Your Restaurant’s Turnover Rate Is Costing You Thousands—Here’s What You Can Do About It

By: Agnes Teh Stubbs on September 18, 2018

It’s really hard to run a restaurant. One of the greatest challenges is retaining their workforce: Restaurants are notorious for having a constantly revolving door of employees.

Employee turnover in the restaurant industry was a staggering 75 percent in 2019, according to the Bureau of Labor Statistics. That percentage is almost twice as high for front-line workers.

Another recent study of 30,000 restaurants reported a turnover of 102 percent for hourly staff at full-service restaurants.

It costs a lot to replace workers. According to research from TDn2K, the cost of turnover is now over $2,000 per employee.

Restaurants must figure out why their staff is leaving and find ways to retain employees in order to run a sustainable and profitable business.

But why is the employee turnover rate so high in the restaurant industry? What are the reasons your employees quit?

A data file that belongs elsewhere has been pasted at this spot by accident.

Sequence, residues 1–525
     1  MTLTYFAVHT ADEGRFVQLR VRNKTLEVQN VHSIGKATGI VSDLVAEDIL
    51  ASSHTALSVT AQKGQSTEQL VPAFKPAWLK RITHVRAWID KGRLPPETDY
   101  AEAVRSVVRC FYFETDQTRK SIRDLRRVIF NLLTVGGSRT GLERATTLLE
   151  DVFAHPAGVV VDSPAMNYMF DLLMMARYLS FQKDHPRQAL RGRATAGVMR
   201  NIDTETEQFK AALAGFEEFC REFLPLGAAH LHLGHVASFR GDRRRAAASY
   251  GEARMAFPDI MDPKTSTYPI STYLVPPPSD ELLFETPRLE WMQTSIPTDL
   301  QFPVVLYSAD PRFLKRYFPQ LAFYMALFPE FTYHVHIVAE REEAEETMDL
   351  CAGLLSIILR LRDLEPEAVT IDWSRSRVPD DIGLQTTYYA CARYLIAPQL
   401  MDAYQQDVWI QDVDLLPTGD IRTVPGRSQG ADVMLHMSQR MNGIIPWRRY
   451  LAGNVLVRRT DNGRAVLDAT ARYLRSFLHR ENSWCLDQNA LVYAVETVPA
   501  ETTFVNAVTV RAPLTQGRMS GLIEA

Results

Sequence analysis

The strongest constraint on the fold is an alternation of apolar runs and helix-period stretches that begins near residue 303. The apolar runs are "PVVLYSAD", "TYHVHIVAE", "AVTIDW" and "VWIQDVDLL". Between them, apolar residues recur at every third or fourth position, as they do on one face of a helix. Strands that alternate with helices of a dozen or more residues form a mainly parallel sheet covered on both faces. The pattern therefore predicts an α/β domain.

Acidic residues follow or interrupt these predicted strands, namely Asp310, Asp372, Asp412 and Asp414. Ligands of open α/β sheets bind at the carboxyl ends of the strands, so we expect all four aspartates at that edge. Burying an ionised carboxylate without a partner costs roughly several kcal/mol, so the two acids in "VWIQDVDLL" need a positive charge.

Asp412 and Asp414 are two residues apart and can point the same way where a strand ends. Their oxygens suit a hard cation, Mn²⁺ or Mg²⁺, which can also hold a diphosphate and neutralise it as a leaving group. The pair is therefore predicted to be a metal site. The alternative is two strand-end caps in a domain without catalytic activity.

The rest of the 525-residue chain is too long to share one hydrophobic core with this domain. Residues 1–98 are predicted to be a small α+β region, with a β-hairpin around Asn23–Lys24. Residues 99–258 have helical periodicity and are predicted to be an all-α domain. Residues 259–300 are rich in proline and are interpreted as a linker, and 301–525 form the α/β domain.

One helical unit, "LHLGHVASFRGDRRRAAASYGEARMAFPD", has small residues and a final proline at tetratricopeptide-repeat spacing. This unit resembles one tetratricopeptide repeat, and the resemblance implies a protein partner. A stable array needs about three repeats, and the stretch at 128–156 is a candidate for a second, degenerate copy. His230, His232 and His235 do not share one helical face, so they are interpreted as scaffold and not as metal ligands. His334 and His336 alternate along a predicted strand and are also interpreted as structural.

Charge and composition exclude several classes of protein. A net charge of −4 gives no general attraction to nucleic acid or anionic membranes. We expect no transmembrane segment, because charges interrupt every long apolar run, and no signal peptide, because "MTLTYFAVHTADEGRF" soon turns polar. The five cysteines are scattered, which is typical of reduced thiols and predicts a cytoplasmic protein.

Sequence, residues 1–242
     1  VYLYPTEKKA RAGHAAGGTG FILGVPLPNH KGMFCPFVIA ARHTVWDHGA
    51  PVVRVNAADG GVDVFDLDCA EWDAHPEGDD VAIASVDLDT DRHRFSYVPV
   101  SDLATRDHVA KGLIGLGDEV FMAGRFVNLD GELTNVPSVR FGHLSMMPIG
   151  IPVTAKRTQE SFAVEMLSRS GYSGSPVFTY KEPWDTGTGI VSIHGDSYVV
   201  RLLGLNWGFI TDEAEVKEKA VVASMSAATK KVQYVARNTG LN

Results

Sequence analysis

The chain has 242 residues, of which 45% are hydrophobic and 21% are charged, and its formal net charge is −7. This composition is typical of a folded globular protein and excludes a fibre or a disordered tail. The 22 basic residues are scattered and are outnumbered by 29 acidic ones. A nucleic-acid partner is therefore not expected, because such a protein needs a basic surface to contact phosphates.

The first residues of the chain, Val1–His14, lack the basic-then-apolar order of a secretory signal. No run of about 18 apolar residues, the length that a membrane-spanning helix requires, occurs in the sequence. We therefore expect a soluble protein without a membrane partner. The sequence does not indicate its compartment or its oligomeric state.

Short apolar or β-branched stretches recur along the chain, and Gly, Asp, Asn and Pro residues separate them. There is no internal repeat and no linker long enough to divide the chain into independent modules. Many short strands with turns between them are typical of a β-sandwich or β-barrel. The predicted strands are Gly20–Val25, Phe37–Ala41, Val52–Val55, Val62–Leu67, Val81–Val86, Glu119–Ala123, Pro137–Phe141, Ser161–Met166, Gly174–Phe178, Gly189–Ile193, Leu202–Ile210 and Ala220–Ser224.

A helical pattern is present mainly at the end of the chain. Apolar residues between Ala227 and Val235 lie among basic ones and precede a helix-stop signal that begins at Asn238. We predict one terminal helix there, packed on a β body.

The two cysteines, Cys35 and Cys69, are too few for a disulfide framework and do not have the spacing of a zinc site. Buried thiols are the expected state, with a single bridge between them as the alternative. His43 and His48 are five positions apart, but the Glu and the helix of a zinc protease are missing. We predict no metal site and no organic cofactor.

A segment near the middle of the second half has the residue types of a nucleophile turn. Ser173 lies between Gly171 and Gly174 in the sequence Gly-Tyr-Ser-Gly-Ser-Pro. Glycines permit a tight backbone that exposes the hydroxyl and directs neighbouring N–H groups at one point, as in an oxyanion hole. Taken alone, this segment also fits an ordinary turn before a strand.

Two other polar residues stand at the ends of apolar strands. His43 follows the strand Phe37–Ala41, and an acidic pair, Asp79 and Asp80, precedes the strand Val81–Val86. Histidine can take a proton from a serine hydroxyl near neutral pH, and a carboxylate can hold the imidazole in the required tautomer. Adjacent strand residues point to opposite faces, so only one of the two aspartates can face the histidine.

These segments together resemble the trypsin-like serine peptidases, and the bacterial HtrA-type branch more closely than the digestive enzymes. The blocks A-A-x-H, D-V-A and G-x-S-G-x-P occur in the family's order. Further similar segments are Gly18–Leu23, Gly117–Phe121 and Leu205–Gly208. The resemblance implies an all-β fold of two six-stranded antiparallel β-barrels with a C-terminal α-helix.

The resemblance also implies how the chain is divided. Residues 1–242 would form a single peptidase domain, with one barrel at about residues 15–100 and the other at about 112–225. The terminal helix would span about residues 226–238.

To find out, Software Advice surveyed 113 U.S. restaurant servers about their top reasons for leaving their last restaurant job and what could’ve been addressed in order for them to stay.

Here’s what we found:

Poor Compensation Is the Primary Cause of High Employee Turnover

Poor Management and Stress Are the Biggest Industry-Wide Issues

Increasing Pay and Flexibility Are the Most Impactful Ways to Retain Staff

Restaurants Are Missing Key Insights by Not Conducting Exit Interviews

Most Employees Are Open to Staying if Changes Are Implemented

Poor Compensation Is the Primary Cause of High Employee Turnover

As of January 2018, only eight out of 50 states in the U.S. require employers to pay tipped employees the full state-mandated minimum wage. That means a majority of restaurants are allowed to pay workers an hourly rate lower than the minimum wage, leaving waiters to make up the difference in tips.